- The Washington Times - Wednesday, September 16, 2020

A watchdog group reviewed voter records from more than 40 states and found nearly 350,000 dead voters still on the rolls, and more than 50,000 people who cast more than one ballot in the 2018 election.

Many of those “apparent double-votes” were mail ballots, the Public Interest Legal Foundation said in its report Wednesday.

PILF said it used voter history files and matched them up against other information such as Social Security’s death index.

The organization said it found nearly 8,000 people who were credited with voting in 2018 on a date after they were listed as deceased. North Carolina had the highest rate of the states reviewed, the study said.

As for double-voting, PILF said about 38,000 people voted twice from the same address in the 2018 general election. Another 5,500 people voted twice from different addresses in the same state. And more than 8,000 others were credited with voting in two different states.

One Pennsylvania voter appeared in the voter registration file seven times, all with the same address, PILF says. A Detroit voter who died in the last century was still active on the city’s rolls.

“When voters have confidence in the system, they are more likely to participate. Fixing errors, duplications and obsolete registrations will increase confidence in the voting system and we hope clear the last barrier to participation: doubt in the integrity of the process,” wrote J. Christian Adams, president of the foundation.

He said the Pennsylvania county with the voter registered seven times has agreed to try to fix things.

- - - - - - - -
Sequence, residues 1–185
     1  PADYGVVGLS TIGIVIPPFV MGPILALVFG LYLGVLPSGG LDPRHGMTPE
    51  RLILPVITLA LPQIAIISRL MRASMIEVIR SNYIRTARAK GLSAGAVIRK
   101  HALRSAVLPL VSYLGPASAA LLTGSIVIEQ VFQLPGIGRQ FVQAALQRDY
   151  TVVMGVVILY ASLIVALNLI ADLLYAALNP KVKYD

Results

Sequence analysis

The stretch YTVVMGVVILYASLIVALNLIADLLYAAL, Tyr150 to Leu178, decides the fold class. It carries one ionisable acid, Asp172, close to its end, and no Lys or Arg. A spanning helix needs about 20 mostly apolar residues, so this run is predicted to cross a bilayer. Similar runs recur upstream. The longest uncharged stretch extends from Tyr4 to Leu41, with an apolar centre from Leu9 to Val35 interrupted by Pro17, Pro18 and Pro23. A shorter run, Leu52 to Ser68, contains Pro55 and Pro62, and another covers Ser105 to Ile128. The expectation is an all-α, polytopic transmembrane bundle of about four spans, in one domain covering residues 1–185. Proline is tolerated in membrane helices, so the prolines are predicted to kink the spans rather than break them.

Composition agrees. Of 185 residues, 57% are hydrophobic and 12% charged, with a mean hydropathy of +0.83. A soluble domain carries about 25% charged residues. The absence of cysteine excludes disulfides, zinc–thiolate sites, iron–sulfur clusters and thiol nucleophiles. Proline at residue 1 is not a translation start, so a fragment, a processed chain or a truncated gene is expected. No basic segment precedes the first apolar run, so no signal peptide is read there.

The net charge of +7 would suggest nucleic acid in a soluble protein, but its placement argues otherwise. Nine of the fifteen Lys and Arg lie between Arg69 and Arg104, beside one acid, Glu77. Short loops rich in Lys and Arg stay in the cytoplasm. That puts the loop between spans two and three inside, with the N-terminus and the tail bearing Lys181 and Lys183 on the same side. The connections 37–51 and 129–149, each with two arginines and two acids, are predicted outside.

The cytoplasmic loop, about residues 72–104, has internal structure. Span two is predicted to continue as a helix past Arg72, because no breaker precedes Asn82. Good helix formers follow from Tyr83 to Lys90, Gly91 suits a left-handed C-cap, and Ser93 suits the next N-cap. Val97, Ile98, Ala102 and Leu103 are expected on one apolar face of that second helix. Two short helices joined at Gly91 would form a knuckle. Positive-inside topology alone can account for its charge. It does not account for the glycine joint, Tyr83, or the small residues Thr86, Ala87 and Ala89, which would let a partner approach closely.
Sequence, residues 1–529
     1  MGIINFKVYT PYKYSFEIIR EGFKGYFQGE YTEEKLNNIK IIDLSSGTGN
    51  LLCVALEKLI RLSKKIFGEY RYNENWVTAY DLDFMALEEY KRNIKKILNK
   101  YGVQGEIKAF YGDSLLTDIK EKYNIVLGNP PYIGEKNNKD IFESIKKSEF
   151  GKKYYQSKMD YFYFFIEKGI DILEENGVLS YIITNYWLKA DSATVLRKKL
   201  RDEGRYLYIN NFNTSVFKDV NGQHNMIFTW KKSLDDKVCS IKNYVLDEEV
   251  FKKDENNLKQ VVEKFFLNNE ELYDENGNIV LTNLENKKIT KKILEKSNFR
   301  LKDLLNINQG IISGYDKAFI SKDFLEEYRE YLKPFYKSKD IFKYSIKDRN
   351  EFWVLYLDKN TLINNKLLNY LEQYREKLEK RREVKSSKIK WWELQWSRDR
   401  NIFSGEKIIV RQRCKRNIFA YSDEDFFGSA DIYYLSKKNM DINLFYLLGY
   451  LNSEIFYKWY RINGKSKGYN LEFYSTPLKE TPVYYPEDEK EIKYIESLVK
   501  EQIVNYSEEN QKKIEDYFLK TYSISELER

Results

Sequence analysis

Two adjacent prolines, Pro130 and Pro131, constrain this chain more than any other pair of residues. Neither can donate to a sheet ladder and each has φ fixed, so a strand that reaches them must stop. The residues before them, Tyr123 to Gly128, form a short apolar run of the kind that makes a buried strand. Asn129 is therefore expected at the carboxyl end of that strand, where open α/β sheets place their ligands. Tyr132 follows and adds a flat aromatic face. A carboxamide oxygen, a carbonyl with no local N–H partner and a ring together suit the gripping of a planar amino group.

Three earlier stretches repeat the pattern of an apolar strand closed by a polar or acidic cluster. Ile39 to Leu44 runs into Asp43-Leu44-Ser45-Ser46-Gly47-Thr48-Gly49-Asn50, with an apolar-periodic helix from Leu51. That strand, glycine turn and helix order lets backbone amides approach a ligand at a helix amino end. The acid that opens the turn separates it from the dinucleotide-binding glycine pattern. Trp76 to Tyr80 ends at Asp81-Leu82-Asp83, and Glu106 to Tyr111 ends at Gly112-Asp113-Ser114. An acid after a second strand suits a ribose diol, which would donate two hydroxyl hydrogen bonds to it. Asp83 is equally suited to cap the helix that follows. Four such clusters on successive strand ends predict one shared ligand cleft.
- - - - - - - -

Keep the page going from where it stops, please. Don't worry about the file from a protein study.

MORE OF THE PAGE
Detroit, meanwhile, began to track down records to try to clean its voter rolls, PILF said.

Mr. Adams was part of President Trump’s ill-fated voter integrity commission, which met resistance from states and was canceled amid myriad court challenges.

Mr. Adams said PILF’s goal in the new report was to try to do some of the work the commission was supposed to do in reviewing state records.

Some states resisted turning over records, and they are battling PILF in the courts.

But records from 42 states were gathered.

It’s possible that elections officials bungled voter history files, PILF said — but said that would still suggest a different major problem for voting systems as the country heads toward the 2020 election.

PILF said the numbers are actually better than in 2012, when the Pew Charitable Trusts found millions of dead people on the rolls and millions more double-registered.

• Stephen Dinan can be reached at sdinan@washingtontimes.com.

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